Making Friends

The other day I went to the pub. It was wonderful. Almost life-changingly or at least life-affirmingly lovely. What had I been drinking? Just beer actually but it was who I was with that was special.

Since my dad graduated university in 1968 (sorry dad, that lets the cat out of the bag) he has met up with his classmates on the first Monday of every third month. Let that sink in. There is a group of around 20-30 men (he did civil-engineering in the 60s, women were in scarce supply) who have not only stayed in touch but have holidayed, worked, and drunk together for coming up on 50 years. When I say the first Monday of every third month I don’t mean that it happened a few times for a couple of years after they left university and then they had a reunion in their 60s and rekindled the meet-ups, I mean on those Mondays in that pub, there is and always has been at least two members of the ’68 civil-engineering class having a pint together and catching up.

When was the last time you saw a childhood or university friend? Just one. Months? Years? My dad saw 5 of them on Monday and if he chooses to make the 200 mile journey he can see them again in 3 months.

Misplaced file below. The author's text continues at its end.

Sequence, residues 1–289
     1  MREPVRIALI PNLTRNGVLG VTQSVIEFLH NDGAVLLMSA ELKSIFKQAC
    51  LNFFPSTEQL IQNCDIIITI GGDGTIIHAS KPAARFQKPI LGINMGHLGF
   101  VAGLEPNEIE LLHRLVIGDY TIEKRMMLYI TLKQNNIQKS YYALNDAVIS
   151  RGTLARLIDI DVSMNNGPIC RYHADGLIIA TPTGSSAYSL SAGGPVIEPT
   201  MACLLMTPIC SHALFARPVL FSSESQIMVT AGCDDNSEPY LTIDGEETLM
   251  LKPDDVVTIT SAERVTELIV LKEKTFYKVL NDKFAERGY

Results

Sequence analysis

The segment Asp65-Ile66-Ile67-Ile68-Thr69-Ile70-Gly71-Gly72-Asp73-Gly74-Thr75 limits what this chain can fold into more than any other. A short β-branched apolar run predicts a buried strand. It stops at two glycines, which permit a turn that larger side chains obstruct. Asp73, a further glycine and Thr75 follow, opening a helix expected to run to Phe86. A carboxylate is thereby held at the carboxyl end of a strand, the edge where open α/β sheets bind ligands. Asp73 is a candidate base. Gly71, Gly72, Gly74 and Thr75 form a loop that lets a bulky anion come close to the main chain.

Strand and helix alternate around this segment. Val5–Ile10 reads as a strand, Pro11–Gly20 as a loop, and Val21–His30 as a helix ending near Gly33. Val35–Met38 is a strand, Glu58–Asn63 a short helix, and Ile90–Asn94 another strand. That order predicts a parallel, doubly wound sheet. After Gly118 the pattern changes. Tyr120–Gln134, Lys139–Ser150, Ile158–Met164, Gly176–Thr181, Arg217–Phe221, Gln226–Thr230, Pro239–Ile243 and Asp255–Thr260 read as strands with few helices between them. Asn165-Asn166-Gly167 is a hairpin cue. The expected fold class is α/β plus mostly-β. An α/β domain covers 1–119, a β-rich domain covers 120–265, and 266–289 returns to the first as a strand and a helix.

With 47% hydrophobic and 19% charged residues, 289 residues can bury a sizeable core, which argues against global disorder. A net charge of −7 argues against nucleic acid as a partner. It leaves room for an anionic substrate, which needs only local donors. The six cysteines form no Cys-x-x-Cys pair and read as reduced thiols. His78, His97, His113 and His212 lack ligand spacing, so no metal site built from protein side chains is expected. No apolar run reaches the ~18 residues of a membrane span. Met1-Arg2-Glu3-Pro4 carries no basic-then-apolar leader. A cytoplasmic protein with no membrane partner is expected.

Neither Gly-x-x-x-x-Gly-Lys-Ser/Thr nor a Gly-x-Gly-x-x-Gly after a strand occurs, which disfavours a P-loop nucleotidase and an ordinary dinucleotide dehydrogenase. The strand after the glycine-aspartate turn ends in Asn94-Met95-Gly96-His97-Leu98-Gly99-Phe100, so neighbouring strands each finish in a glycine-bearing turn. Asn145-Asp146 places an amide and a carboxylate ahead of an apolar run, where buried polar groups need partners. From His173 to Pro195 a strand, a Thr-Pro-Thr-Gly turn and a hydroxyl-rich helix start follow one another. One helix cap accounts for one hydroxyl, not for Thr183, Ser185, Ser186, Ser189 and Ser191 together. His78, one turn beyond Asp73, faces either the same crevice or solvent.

Seeing my dad and his friends in the pub was magic. I mean that as literally as I can. I’m lucky enough to be an honorary member (as are all offspring and spouses (the latter are all specifically invited to the Christmas meeting)) and seeing the banter and interaction between a group of friends who have 50 years (actually I’ve just realised that’s it more because they already had 3 years of being friends at university before they graduated) of friendship is something that money cannot buy. People often say “Nobody [on their deathbed] wishes they’d spent more time in the office”, and there’s lots of ways to interpret that but how I’m choosing to look at it right now is spend more time with your friends. That bond cannot be bought or caught up on later, it has to be built and the feel and look of it only comes from time, wear and handling, like the patina on an old armchair or the taste of a good scotch.

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